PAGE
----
Taking advantage of sunny sunday afternoon, and hoping for light traffic in the town, we spent the afternoon photographing churches. I took a few pictures of other buildings to allow comparison with views in my Antique Postcard Album.
Tunbridge Wells is a Spa town which has been systematically destroyed by over development and unsympathetic town planning. The town is completely unable to cope with the levels of traffic and people brought in by the new housing estates. However there are still some gems to be found amid the hideous one way systems and ubiquitous red brick monstrosities, the dubious contributions of our generation.
Here is a view of the town from Mount Ephraim, with the opera house, left, Holy Trinity Church (behind the crane) and St Peter's Church on the skyline. The large building on the extreme right is, I believe, the modern Land Registry at Hawkenbury. There is a similar view in my Poscard Album here.
Here is the Civic Centre, which replaced Decimus Burton's Calverley Parade and Calverley Terrace, shamefully demolished in 1938 to allow this overpowering building to be errected.
Here is a view looking from the corner of Mount Pleasant and Crescent Road into Church Road. Holy Trinity Church and the old cinema (soon too be re-developed) are the main features. A similar view of this junction in more genteel times can be found here in my Postcard Album.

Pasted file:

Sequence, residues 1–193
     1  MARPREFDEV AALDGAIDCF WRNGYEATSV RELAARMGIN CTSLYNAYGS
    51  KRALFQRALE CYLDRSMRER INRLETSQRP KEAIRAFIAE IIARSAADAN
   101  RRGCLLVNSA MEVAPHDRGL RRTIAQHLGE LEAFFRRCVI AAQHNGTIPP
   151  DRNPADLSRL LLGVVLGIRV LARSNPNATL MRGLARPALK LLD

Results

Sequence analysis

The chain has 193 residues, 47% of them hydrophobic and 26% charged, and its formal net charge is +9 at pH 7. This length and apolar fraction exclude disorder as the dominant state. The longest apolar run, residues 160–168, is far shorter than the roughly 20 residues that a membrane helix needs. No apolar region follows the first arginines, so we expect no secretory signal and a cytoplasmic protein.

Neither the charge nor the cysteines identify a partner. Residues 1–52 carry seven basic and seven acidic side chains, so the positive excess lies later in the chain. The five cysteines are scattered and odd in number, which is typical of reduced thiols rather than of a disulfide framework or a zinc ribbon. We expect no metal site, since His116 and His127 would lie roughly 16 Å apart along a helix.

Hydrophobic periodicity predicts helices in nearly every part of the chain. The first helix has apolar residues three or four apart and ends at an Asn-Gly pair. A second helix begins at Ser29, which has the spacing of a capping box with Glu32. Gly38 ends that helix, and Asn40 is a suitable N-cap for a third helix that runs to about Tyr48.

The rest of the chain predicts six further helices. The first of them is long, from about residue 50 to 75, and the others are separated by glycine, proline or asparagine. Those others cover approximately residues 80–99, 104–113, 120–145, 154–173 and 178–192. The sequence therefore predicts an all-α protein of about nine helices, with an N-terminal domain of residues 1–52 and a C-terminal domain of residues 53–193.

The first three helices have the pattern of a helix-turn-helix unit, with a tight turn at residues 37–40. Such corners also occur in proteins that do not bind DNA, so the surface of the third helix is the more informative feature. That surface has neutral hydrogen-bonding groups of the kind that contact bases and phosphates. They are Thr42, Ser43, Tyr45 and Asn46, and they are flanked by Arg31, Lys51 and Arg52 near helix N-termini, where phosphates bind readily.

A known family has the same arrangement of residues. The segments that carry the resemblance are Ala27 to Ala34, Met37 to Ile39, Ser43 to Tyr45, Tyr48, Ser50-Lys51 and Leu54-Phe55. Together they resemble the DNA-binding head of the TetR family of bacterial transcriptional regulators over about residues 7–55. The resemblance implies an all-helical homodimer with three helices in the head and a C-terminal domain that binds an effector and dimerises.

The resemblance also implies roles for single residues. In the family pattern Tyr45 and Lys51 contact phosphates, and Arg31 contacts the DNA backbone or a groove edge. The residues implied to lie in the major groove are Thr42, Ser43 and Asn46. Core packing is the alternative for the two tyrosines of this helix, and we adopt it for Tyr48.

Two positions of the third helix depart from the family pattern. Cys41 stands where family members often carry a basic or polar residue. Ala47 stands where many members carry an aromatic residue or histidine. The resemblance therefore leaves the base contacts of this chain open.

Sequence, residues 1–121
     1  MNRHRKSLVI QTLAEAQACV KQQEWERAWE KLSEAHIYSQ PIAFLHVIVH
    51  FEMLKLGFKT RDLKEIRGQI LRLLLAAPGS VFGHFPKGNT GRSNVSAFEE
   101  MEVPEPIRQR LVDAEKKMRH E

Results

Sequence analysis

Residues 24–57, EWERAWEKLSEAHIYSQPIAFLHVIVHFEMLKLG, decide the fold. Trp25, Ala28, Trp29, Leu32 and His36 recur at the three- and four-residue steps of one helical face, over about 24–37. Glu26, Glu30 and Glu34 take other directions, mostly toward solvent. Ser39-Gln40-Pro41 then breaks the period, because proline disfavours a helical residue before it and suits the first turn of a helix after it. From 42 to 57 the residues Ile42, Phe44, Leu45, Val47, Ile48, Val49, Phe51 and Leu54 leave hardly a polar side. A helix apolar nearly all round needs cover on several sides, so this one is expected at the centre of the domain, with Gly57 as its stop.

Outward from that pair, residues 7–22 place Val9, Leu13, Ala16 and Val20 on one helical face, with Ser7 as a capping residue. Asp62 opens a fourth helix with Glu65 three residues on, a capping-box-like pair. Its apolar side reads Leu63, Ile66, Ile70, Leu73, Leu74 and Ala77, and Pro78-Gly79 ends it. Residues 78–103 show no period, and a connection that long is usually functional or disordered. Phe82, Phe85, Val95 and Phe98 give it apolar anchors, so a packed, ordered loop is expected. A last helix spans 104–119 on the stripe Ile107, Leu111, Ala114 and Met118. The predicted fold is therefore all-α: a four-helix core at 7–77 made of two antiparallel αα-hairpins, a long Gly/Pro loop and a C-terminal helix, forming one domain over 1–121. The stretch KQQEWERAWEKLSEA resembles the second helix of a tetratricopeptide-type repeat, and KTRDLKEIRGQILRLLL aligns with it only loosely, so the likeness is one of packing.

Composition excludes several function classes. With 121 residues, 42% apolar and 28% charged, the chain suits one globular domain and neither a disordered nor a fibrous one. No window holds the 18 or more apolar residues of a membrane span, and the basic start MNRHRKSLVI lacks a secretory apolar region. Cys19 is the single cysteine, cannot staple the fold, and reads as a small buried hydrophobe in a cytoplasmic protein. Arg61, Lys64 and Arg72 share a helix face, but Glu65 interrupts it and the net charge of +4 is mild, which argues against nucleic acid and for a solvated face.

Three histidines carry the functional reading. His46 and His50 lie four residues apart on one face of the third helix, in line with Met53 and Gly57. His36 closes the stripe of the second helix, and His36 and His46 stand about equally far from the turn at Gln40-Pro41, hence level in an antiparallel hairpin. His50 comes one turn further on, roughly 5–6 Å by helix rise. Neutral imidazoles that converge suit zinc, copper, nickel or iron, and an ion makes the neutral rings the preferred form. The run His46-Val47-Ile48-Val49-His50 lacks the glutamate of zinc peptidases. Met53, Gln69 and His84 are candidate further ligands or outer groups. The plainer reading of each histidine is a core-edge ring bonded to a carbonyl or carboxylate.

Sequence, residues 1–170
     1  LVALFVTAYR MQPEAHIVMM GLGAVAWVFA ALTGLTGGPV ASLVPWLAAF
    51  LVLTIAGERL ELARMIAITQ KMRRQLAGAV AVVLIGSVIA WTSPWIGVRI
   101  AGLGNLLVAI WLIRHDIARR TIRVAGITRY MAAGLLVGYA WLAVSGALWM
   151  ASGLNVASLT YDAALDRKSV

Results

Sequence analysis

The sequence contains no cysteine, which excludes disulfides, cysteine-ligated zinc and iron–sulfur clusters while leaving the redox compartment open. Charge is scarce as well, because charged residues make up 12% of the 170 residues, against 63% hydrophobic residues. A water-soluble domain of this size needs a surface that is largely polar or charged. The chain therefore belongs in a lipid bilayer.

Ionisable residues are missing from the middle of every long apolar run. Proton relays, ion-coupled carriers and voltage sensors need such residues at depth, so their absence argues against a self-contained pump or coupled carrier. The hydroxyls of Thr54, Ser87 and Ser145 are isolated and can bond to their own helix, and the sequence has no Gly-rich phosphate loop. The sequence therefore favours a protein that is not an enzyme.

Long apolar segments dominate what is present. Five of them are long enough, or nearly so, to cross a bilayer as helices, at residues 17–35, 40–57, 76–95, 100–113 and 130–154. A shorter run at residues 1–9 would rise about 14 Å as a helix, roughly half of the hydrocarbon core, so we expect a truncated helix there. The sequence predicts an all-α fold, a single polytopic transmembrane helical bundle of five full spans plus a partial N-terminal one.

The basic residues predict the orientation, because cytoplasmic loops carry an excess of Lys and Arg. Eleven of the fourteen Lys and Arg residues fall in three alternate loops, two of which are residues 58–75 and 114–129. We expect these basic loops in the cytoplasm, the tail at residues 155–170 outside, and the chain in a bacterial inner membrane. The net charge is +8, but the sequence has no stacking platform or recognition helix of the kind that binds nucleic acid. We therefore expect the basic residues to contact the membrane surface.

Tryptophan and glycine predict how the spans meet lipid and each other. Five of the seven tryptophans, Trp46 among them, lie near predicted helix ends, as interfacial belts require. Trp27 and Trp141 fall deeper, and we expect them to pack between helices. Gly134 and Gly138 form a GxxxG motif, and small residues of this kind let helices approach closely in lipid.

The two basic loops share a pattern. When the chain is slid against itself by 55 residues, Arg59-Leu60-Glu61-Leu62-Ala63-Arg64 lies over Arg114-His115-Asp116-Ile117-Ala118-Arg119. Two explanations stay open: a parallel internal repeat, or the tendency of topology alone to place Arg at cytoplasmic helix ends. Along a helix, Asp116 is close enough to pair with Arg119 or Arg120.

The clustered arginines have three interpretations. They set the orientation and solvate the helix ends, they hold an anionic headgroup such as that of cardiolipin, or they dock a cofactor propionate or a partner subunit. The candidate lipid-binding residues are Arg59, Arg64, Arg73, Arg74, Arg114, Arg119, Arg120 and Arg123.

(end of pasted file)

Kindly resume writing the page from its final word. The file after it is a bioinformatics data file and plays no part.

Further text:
Here is a side view of the opera house - it looks as if there have been recent repairs to the copper dome.
Here is a view of the facade. I have used electronic perspective correction to straighten the walls. There is a historic postcard of the same view taken soon after the building was erected in my Postcard Album. The buildings now present each side of Dudley Road did not permit me to include the whole facade; there was a better view one hundred years ago!
Here is a view of Vale Royal and the Methodist Church. Castle House, formerly the Castle Hotel, is the first building on the right. There is a similar view in my Postcard Album from the early 20th century - apart from the buildings in the distance and the street furniture little has changed.
A view of Camden Road featuring two public houses - the Foresters Arms on the left and the Crystal Palace across the road junction.
The façade of the 1901 Crabb Memorial Institute was preserved in so called Market Square (which also contains the Calvary Church), when the grotesque Royal Victoria Place shopping centre was erected, destroying completely the character of this part of the town. The town plan is now open to the idea of even this small open space being in-filled with yet more faceless shopping malls - the future of this unlisted building façade is not even now secure.
Here is the plaque on the front of the façade.
Hanover Road joins Grosvenor Road (at the bottom of the hill). It contains the Hanover Chapel and the premises of the Tunbridge Wells Christian Fellowship (seen on the right).
Monson Road has a terrace of buildings with an elegant and continuous iron balcony.
The Pantiles - the town's most famous location.
Click here for a complete index of my Tunbridge Wells images.
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Photographs © Mark Collins 2006
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